Sébastien Wilmet <swilmet <at> gnome.org>
2014-08-05 12:30:45 GMT
I've tried recently KDE, and by default it has too much visual effects,
IMHO. With time, it seems that GNOME follows the same path, there are
more and more visual effects.
I think too much visual effects is bad for a distraction-free desktop.
Exactly the same principle applies for presentation slides. To take an
extreme example, it's not really a good idea to add a firework animation
between each slide… The public will be less concentrated on the contents
of the presentation. On a desktop you want to focus on the work you're
If more and more visual effects are added to GNOME, and if at one point
we realize (too late) that it's too much, removing lots of visual
effects for the next release will be seen as a regression, and it'll be
much harder to explain to users.
The recent example that I have in mind is the background fading when
selecting a row in a GtkTreeView (and for GtkListBox too I think). It's
really a small detail: when a row is deselected, the background color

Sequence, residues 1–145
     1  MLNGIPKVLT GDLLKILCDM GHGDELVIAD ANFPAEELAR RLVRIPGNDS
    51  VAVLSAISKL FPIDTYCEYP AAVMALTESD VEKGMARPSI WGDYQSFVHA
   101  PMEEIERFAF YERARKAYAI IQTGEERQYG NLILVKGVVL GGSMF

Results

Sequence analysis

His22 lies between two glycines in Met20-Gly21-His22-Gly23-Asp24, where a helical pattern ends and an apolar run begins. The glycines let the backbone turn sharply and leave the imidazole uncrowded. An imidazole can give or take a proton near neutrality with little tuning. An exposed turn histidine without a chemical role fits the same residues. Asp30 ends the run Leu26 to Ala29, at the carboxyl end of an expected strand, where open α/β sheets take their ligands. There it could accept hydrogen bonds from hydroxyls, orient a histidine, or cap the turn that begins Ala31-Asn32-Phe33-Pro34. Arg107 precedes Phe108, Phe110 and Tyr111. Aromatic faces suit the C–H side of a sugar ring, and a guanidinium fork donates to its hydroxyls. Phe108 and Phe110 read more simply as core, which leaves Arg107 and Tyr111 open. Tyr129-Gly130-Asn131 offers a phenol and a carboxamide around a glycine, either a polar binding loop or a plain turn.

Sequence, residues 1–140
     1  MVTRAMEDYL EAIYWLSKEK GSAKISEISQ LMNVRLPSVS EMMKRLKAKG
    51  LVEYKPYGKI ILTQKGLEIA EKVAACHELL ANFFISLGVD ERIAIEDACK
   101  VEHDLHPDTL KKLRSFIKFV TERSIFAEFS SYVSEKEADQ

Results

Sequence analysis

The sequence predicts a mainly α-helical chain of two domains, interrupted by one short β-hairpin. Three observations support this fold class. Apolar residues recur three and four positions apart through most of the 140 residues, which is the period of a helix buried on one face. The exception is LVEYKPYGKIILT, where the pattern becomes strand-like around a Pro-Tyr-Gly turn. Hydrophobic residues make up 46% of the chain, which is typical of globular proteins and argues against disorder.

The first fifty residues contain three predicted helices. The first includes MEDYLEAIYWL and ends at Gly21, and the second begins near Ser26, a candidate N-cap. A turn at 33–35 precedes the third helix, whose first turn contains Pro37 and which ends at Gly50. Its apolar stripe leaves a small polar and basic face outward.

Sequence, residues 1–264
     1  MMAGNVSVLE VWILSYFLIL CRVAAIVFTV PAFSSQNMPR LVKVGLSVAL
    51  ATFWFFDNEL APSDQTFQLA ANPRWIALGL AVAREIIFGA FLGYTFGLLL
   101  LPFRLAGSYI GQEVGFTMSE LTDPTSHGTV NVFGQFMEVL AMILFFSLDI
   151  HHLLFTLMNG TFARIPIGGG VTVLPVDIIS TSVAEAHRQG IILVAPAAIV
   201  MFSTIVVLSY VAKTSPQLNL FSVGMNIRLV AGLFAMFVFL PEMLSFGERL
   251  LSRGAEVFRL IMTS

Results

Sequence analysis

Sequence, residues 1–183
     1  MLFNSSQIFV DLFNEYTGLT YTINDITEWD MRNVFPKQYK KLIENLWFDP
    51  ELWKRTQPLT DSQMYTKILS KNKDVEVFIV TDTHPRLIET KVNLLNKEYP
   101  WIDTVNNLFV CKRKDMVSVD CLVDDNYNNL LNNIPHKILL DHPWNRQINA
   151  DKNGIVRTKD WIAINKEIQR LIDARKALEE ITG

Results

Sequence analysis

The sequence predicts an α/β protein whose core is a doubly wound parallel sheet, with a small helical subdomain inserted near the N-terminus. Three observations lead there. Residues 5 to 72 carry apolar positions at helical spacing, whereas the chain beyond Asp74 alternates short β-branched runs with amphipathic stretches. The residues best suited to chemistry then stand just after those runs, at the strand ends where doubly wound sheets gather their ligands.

goes from blue to white with a progressive fading. And inversely when
you select a row. Now try the following steps, I think you will be
slightly distracted by the background fading of the *deselected* row:
1. Select a row in the list, if not already done.
2. You're searching another item in the list, so you read each item one
by one, until you find what you're searching for (if there is no search
3. Your eyes are focused on the new row you want to select, and you
select that row!
4. If the previous selected row is still visible on the screen, you'll
be slightly distracted by the background fading of the row being
Does that make sense? I know it's really a small detail, but when
updating gtk+ recently and seeing this for the first time, I thought it
was "too much". In KDE there are probably more evident examples.
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